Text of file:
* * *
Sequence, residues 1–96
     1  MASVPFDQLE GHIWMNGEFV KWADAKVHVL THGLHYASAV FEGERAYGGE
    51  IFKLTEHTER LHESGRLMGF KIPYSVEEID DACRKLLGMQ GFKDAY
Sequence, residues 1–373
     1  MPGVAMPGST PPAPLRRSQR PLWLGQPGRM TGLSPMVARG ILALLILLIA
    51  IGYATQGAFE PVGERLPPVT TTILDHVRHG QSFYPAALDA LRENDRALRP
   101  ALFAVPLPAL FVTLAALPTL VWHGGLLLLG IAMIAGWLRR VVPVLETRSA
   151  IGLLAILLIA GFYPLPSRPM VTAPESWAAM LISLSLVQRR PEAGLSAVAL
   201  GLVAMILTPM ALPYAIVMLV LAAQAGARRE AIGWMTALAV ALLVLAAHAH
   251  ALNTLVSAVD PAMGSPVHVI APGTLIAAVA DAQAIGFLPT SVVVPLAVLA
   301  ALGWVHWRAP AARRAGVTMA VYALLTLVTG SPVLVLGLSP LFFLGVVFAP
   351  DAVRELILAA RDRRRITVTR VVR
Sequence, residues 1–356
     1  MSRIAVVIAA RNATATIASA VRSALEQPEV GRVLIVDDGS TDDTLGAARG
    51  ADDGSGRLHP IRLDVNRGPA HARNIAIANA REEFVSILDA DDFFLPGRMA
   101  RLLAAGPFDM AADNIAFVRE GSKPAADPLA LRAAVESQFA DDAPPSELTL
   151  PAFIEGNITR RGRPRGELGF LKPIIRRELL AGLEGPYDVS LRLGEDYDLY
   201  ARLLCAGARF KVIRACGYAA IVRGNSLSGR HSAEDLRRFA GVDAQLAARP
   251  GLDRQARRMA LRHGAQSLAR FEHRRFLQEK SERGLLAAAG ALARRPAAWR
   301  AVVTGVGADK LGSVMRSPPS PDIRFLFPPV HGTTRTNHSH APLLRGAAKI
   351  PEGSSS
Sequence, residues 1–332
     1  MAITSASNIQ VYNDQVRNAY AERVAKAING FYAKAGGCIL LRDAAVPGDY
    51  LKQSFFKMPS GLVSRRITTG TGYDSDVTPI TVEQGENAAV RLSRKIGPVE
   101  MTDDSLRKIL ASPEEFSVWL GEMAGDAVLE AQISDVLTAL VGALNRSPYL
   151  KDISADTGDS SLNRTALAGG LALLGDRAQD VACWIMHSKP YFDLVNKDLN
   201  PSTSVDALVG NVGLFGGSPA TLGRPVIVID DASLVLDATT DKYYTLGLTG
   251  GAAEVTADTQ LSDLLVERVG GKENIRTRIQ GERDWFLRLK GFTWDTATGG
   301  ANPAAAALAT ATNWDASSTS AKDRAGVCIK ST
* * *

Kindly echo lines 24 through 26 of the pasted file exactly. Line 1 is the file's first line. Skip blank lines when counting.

    51  LKQSFFKMPS GLVSRRITTG TGYDSDVTPI TVEQGENAAV RLSRKIGPVE
   101  MTDDSLRKIL ASPEEFSVWL GEMAGDAVLE AQISDVLTAL VGALNRSPYL
   151  KDISADTGDS SLNRTALAGG LALLGDRAQD VACWIMHSKP YFDLVNKDLN